The oil still spreading through the Gulf of Mexico has reinvigorated national debate about how we get our oil. Many are calling for fewer offshore drilling platforms, while others point out that a moratorium could be even more damaging. Some lawmakers are pursuing legislation to curb oil consumption, with administration officials hoping a criminal inquiry into BP will incentivize safer drilling practices. There's a terrifying statistic at the heart of this problem: The total oil spilled so far, 36.8 million gallons based on the common estimate of 800,000 gallons per day, is about 10 percent of the total oil consumed by the U.S. in a single day: 377 million gallons. It's a reminder of the severity of our addiction to oil, which like any addiction carries serious risks. It's no secret that America's heavily suburban demographics are behind much of our disproportionately high demand for oil, chiefly because it causes residents to drive, often commuting long distances, rather than use public transportation or walk. But even as the oil spill makes us more aware of the dangers of addiction to oil, American life has become more suburban, and thus dependent on oil, than ever. Unlike the easily changed offshore drilling leases and malleable regulation policies, the suburban problem is fast becoming intractable.
The U.S. has struggled to follow the examples of Western Europe and East Asia, where cheap and efficient mass transportation gets people to work while consuming as little energy as possible. But European and Asian population centers are centralized and densely populated. After all, many have had the same pedestrian-friendly layouts since before the popularization of cars. But America's much younger population centers, especially suburbs, were largely designed to be navigated by car. As a result, American cities are now struggling to install energy-saving mass transportation in their dispersed, suburban layouts. In one disastrous example, the city of Charlotte, North Carolina, spent $462.7 million to build the LYNX light rail system meant to curb the city's infamous traffic and reduce the number of drivers among the city's 1.7 million metro residents. But LYNX attracts only 20,000 daily riders, about 4% the ridership rate of New York City's subway system. Because Charlotte's heavily suburban population is so decentralized and widely dispersed, there are no obvious places to put train stations. The LYNX debacle has been repeated in many suburb-heavy U.S. cities and has deterred others from even attempting to build robust public transportation. But why is it so difficult to make suburbs more efficient?
The story of the American suburb began, famously, with thousands of troops returning home after World War II and moving into the nascent suburban developments. Their explosive growth, spurred on by Veterans Administration and Federal Housing Administration loan programs and by the "white flight" from cities, meant that vast stretches of previously undeveloped land were filled by sub-developments and by the largest road system on Earth: the Eisenhower Highway System. That suburban infrastructure, which by design decentralizes and disperses the population, has only grown over time. One factor is the cycle of induced demand, whereby building more roads caused more exurban growth, which put more drivers on the road, which meant more roads had to be built, and so on. Building restrictions have caused growing populations to simply expand the suburbs ever outward, rather than making suburbs denser and more city-like. The result is that our suburban system has become deeply entrenched, making it difficult to draw the population back into centralized urban areas or to transform the suburbs, engineered to be dispersed, into more central and city-like areas. The longer this trend continues, the more difficult it is to reverse.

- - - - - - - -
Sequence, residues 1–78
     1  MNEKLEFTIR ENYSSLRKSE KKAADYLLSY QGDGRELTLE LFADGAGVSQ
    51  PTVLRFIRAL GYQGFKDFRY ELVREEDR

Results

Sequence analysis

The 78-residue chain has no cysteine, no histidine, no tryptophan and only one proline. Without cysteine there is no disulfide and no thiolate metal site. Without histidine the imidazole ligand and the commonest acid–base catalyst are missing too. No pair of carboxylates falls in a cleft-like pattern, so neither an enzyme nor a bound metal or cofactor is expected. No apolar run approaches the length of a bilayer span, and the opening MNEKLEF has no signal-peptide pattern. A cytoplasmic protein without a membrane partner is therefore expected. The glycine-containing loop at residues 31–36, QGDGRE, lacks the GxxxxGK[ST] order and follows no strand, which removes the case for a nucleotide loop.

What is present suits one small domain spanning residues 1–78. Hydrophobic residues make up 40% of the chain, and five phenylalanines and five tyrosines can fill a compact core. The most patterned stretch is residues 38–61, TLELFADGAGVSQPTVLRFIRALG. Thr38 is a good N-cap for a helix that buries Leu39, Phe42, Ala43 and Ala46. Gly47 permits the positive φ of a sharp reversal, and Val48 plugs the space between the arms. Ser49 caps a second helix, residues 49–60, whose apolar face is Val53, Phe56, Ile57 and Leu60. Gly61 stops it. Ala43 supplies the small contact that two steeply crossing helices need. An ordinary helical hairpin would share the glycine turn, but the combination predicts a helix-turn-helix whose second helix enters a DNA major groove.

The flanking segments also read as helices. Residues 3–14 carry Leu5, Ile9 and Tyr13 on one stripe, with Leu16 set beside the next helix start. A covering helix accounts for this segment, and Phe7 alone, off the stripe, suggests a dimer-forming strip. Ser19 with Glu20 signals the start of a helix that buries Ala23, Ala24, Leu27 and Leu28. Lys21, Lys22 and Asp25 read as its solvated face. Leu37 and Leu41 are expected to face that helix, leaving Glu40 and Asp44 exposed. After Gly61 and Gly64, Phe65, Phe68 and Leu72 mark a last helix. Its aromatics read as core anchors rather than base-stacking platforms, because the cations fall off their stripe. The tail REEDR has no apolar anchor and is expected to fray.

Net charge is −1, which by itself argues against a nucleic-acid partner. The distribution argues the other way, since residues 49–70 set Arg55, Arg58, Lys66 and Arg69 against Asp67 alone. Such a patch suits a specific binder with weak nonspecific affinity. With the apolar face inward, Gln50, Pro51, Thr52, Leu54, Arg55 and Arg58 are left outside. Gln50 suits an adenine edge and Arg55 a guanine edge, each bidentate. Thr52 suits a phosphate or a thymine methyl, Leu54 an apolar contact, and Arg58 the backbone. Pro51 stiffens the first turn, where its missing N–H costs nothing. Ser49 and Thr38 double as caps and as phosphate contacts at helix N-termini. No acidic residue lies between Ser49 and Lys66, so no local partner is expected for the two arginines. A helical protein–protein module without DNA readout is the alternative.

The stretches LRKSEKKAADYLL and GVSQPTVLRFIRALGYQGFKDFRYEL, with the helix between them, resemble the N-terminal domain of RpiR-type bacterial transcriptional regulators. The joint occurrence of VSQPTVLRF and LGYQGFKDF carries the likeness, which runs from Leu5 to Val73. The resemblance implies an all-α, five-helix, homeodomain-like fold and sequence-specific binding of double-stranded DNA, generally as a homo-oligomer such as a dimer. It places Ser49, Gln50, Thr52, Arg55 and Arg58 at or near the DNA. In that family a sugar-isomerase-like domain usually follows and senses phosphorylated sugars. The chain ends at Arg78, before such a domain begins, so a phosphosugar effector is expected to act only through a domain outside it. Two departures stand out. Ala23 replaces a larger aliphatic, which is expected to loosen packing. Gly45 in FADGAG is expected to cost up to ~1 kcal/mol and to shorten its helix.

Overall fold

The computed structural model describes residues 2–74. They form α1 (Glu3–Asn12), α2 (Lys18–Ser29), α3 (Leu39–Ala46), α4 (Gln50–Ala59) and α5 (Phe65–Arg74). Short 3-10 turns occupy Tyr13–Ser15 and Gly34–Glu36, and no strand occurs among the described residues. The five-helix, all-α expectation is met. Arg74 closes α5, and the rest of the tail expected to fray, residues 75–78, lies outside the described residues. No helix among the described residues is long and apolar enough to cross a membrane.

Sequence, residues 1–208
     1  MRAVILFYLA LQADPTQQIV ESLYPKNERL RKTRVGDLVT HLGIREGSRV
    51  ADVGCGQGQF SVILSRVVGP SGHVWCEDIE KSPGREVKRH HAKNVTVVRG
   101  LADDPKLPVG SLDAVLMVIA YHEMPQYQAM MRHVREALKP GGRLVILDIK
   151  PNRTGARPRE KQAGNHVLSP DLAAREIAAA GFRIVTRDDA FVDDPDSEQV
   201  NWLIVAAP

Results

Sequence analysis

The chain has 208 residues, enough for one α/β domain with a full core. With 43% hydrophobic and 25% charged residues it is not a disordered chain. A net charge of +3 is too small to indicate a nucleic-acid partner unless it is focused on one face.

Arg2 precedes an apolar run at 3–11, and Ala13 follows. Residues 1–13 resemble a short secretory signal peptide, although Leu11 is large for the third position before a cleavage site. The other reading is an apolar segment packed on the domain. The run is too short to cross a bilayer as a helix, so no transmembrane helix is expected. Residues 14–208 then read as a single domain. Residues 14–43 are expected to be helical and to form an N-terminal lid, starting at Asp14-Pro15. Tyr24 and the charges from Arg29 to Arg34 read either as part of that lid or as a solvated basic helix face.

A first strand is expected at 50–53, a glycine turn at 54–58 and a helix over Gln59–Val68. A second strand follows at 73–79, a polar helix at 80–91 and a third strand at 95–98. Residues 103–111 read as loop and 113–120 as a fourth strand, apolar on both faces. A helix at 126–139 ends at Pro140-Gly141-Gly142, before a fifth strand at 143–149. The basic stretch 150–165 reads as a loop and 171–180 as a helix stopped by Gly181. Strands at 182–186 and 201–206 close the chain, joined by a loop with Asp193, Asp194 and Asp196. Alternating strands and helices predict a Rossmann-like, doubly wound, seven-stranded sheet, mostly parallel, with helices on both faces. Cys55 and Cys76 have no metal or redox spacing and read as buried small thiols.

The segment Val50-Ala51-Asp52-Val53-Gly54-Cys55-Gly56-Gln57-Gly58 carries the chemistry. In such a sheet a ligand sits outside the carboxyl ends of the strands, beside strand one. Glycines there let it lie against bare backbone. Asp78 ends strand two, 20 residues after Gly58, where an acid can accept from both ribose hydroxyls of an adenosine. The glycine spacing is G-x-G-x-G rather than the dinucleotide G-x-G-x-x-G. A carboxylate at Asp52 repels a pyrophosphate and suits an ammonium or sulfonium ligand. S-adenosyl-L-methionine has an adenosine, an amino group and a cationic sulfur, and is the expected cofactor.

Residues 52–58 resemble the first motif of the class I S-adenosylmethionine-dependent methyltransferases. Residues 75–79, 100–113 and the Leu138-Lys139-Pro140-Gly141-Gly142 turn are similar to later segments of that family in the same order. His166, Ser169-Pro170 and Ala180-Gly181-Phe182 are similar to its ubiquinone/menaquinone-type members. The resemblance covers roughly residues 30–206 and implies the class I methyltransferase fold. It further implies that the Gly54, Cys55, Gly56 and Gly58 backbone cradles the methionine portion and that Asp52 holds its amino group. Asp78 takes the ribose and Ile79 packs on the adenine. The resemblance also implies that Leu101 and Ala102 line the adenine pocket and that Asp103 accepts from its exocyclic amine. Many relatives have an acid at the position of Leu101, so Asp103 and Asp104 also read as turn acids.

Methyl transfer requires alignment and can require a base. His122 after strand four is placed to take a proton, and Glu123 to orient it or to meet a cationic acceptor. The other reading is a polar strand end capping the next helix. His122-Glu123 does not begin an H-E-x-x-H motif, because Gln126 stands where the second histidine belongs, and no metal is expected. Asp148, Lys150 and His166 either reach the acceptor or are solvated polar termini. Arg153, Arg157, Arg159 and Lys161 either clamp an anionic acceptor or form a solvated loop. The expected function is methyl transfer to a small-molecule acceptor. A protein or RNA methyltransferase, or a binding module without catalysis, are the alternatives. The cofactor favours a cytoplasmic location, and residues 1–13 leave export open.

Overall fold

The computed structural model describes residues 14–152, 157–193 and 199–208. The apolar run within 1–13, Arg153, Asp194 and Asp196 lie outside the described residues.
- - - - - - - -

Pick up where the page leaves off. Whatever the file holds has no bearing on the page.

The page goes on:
Since the financial crisis began, however, more Americans have been returning to cities. But there is only so much urban infrastructure for them to return to. New York City real estate prices have risen even through the financial crisis because demand simply outpaces capacity; there is only so much land in New York's urban areas and the buildings can only stretch so high. The suburbs, which stand in the way of expanding urban areas, aren't going away. Christopher Leinberger predicted in March 2008, "many low-density suburbs and McMansion subdivisions, including some that are lovely and affluent today, may become what inner cities became in the 1960s and '70s--slums characterized by poverty, crime, and decay." Even if half of today's suburbanites move to urban centers, they will still leave in place the vast physical infrastructure of the suburbs. Those untold acres of roadways and housing tracts are painstakingly designed to be decentralized, and short of a total physical overhaul that's how they'll remain. With high-earning suburbanites fleeing for cities, suburban municipalities will have less tax revenue to spend toward urbanization. It's no wonder that, over the last decade, even in a time of renewed interest in urban centers, low-density suburbs grew at three times the rate of the cities they surround.
There are no easy solutions for America's suburban landscape or for the addiction to oil it feeds. But as pundits, politicians, and policy experts butt heads over everything from federal oversight of offshore oil rigs to the development of hybrid cars, it is worth acknowledging the suburban system driving demand in the world's greatest consumer of oil.
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